Under both federal and Kentucky laws, employees have protection if they report harassment and discrimination, or even blow the whistle. This means that the law protects them against retaliation in the workplace.
And yet, retaliation is still the most common charge filed with the Equal Employment Opportunity Commission (EEOC) at both the state and federal levels. Even though it is one of the most common charges, it can be a challenge to prove retaliation.
There are three criteria to prove retaliation:
1. The worker must prove they engaged in a protected activity
Workers have many rights in the workplace. One of the most important rights they have is the right to work in an environment that is safe and free of discrimination.
If workers do not experience these basic rights in the workplace, the law protects them when they report legal violations. For example, a worker has the right to report an incident of sexual harassment to their supervisor or Human Resources.
2. The worker experienced adverse actions
Then workers must prove they experienced negative employment actions. The EEOC reports that these actions could include:
- Wage reduction
Workers must document any adverse actions they experience to help strengthen their claim.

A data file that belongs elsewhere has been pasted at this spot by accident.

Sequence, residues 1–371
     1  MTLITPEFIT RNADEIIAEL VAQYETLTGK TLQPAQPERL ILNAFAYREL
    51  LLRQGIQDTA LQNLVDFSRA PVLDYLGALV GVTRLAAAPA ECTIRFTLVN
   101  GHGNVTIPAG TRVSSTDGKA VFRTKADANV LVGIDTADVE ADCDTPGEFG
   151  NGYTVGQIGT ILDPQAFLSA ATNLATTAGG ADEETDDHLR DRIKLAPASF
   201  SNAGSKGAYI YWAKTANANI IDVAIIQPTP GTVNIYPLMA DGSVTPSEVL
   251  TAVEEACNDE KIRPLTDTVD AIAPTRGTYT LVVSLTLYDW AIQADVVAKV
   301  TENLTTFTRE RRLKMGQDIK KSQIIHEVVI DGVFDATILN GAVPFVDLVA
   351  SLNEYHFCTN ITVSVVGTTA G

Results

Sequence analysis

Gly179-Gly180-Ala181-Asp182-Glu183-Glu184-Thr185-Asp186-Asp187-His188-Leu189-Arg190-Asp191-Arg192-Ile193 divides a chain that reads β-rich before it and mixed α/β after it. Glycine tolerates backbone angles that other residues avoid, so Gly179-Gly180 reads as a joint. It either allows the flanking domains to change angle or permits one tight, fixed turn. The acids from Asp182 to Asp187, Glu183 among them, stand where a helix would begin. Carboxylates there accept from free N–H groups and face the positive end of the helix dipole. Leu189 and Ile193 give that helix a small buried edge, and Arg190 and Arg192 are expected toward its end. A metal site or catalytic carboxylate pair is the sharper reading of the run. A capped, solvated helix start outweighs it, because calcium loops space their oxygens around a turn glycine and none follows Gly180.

3. The adverse action was the result of the protected activity
This is the most challenging factor to prove when pursuing a retaliation claim.
Workers must prove that there is a direct connection between the protected activity, such as reporting sexual harassment, and the adverse employment action. Essentially, they must prove that the adverse action is a punishment for engaging in protected activities.
There are a few reasons this factor is often so difficult to prove, including:
- Acts of retaliation in the workplace are often subtle; and
- Employers might list other reasons for adverse actions.
It may be challenging to prove these three criteria, but it is not impossible. In cases of retaliation, it is often helpful for employees to consult an experienced attorney to understand how to prove their claim.